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Pakistan appears to be encouraging a detente with Kabul and Washington, launching a diplomatic offensive to ensure that it remains central to efforts to initiate peace talks with the Taliban.
After 2011, a disastrous year for Pakistan's image abroad following the discovery that Osama bin Laden lived for at least five years in a garrison city, Islamabad is now trying to seize back the initiative.
The country has been badly destabilised by the Afghan war. Taliban and Al-Qaeda militants who fled the 2001 US-led invasion crossed into Pakistan, where they regrouped and offshoots launched their own Pakistani insurgency.
But how serious is Pakistan about helping to cut a deal in Afghanistan? And if willing, does it have the ability to overcome domestic crises and the legacy of its own association with the Taliban to play an effective role?
"It's a conundrum that's going to take an enormous amount of statesmanship from the politicians, from the military, to resolve," Pakistani author and Afghan expert Ahmed Rashid told a literary festival in Karachi this weekend.
"And I've not seen that kind of statesmanship from the government," he added.
Officially, Pakistan says it will do anything required by the Afghan government to support an Afghan-led peace process. Quietly, many people are sceptical that Islamabad is sincere about wanting a power-sharing settlement.
This month, Pakistan's young, glamorous Foreign Minister Hina Rabbani Khar made a fence-mending visit to Kabul. Her charm reportedly helped to soften the impact of a leaked NATO report accusing Pakistan of sponsoring the Taliban.
Prime Minister Yousuf Raza Gilani, taking time out from the tense build-up to a possible indictment for contempt of court, went last week to Qatar, the host of nascent contacts between the Taliban and the Americans.
This Wednesday, President Asif Ali Zardari will host a three-way summit between Afghanistan, Iran and Pakistan in Islamabad -- all part of a wider Pakistani effort to come in from the cold in Washington and Kabul.
And there's no mistaking signs of positive overtures to the United States, after the severely compromised relationship plunged deeper into trouble with US air strikes that killed 24 Pakistani soldiers on November 26.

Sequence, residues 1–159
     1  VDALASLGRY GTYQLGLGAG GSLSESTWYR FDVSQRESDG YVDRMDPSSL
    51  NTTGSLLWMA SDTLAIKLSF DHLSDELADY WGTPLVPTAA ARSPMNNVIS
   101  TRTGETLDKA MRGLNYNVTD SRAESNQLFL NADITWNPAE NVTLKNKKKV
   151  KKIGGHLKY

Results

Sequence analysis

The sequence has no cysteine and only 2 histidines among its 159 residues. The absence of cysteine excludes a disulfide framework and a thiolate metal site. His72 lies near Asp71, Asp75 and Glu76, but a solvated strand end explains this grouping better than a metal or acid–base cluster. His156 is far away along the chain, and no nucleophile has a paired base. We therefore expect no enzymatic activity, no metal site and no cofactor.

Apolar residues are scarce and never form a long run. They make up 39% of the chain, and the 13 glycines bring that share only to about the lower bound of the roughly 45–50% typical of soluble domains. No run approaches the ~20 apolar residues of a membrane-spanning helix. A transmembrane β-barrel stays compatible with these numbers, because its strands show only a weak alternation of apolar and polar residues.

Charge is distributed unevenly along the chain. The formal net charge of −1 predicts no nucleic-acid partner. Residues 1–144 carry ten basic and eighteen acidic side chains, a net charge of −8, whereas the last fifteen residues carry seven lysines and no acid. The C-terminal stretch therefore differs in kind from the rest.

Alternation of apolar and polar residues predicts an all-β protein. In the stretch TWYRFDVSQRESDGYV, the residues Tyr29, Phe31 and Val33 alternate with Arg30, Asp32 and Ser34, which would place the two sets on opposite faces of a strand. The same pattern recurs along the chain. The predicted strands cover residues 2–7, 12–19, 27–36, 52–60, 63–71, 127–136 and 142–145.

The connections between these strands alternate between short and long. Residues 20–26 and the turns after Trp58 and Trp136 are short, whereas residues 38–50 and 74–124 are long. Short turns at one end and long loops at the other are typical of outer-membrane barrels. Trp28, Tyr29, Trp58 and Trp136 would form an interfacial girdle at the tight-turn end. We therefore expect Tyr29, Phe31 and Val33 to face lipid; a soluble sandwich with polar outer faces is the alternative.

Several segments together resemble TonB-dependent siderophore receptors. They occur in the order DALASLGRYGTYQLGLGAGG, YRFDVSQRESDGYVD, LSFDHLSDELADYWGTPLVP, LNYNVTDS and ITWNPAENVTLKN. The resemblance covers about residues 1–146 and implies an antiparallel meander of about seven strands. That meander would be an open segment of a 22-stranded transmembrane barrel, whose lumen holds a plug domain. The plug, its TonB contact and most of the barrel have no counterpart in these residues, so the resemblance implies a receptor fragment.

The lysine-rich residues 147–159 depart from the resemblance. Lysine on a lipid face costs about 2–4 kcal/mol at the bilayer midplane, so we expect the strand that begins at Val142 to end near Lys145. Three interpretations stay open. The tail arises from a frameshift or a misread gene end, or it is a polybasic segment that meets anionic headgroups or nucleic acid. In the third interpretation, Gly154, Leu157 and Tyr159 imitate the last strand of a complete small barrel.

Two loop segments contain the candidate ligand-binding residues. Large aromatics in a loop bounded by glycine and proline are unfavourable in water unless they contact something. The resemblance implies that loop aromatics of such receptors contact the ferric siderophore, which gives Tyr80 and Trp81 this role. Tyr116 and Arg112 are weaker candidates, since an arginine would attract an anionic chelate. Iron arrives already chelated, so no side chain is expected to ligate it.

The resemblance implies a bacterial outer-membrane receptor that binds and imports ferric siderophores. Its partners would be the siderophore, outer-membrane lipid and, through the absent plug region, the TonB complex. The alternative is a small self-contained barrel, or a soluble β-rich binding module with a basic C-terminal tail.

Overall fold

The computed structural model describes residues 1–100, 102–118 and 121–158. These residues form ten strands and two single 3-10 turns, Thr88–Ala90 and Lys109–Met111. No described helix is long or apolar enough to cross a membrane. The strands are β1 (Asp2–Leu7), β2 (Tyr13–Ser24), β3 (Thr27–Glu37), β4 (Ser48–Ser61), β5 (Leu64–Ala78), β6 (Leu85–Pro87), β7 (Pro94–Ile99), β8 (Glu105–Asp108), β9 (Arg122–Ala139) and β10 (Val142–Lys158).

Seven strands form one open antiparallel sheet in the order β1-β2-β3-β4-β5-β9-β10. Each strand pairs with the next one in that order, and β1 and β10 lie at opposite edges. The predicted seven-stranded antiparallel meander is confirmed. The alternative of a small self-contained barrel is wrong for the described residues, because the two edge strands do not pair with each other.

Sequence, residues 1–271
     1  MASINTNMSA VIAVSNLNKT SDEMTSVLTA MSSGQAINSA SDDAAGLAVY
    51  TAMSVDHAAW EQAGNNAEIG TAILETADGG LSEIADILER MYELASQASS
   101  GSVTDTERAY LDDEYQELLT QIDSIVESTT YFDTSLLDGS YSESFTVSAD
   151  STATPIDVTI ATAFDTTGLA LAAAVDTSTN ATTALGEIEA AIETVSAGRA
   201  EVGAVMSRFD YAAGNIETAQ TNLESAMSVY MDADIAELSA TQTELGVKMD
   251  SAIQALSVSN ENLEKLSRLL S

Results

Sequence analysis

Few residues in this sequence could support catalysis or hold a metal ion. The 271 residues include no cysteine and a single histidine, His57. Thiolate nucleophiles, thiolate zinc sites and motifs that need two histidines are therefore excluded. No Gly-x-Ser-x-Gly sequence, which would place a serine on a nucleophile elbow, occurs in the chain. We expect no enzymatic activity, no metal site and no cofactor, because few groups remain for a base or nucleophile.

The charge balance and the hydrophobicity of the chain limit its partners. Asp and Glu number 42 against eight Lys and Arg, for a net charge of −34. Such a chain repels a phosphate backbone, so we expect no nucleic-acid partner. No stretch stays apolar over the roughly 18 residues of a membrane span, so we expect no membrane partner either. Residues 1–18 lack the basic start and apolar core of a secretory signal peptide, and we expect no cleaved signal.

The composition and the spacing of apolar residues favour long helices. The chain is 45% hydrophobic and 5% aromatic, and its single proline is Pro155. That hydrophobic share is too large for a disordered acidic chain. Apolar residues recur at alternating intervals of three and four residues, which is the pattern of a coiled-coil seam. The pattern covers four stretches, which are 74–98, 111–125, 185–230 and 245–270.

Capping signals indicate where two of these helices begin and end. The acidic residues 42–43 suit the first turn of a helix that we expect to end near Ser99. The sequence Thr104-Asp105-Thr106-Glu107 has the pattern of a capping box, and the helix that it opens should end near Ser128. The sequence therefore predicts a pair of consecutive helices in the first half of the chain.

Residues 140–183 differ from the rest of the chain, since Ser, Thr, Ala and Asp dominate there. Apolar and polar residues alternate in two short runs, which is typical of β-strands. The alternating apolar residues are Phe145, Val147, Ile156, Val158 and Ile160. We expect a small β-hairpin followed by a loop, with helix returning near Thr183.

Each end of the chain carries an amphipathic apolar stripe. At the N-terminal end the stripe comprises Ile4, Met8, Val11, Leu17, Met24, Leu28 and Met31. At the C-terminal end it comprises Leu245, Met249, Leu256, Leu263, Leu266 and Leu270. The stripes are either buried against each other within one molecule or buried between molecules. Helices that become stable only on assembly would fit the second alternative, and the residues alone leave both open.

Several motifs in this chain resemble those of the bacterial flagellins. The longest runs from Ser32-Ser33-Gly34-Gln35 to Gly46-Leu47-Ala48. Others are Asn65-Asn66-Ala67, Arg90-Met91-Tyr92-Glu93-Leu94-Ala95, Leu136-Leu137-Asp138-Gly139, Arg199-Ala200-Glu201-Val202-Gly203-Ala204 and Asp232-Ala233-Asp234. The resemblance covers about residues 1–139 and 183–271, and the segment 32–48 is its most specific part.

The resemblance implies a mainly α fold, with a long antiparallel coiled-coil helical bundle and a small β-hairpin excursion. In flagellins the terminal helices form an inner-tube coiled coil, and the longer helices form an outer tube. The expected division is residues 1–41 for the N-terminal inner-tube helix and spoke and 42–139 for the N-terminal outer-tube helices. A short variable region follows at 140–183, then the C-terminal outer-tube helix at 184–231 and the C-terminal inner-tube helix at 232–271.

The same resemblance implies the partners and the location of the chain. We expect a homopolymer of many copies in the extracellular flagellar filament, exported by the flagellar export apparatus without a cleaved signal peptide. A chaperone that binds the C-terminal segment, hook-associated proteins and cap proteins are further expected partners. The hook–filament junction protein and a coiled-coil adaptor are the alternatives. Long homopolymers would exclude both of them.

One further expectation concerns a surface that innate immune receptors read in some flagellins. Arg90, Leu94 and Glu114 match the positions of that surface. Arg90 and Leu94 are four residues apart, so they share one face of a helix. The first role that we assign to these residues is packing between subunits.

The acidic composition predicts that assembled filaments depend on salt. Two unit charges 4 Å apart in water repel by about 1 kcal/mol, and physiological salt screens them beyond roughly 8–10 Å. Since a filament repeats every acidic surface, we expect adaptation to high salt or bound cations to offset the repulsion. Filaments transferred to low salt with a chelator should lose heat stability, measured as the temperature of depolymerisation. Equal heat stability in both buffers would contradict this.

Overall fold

Khar told reporters she expected Pakistan's more than two-month blockade on NATO supplies entering Afghanistan to end shortly after parliament approves a review of the US relationship in the first half of this month.
As soon as the review is over, probably before the end of the month, General James Mattis, the head of US Central Command, is expected to become the most senior US official to visit in months, a Pakistani security official said.
"There's a common understanding with the US that things have to improve," the official told AFP. "After things went down and down, we realised that we both need each other to stabilise the region."
The biggest fear, particularly among the Uzbek, Tajik and Hazara minorities in Afghanistan, is that Pakistan wants the Pashtun-dominated Taliban back in power, partly as a counterbalance to Indian influence in the region.
But since 2010, the official line calling for a "friendly Afghan government" has shifted to calling for a "stable and peaceful" solution.
"A Taliban government is not a reasonable perspective. This could trigger civil war, that would export (bad) ideologies in our country," said the security official.
Only a power-sharing peace agreement would establish "a government proportionately representative of the ethnicities", he said.
And Pakistan is ready to "carry messages" to the militant Haqqani network and Hezb-i-Islami warlord Gulbuddin Hekmatyar, who would be "more willing to accept peace" under a power-sharing agreement, he added.
Anatol Lieven, whose book "Pakistan: A Hard Country" was published last year, agrees that the Taliban are incapable of subjugating all Afghanistan and that Islamabad knows that. As a result, he believes, Pakistan is committed to a political solution.
Any eventual agreement, he predicted, would likely involve "a considerable level of decentralisation".
"The only question is whether we get it through a settlement or through years of bloody warfare," he told a think tank in Islamabad.
Some observers see the contacts in Qatar as a sign of Pakistan being isolated and of a desire by Taliban leaders, many of them refugees in Pakistan, to break free of Islamabad's influence.
But Pakistani writer and journalist Rahimullah Yusufzai, a specialist in the Afghan war, disagrees.
"Pakistan was in the loop. Pakistan wants to please the US as a mediator, and Pakistan has convinced some Taliban leaders to go to Qatar," he said.
Yusufzai said it was about building confidence with the Taliban, including via prisoner exchanges, easing sanctions and localised ceasefires, and a guarantee for Pakistan to counter-weight Indian influence in Afghanistan.
But beyond that he was pessimistic.
"Power-sharing with Taliban is very difficult."
Neither does the Pakistani security expect any breakthroughs soon, predicting "at least two or three years to get some results" from the putative dialogue. "Right now we're nowhere," he said.
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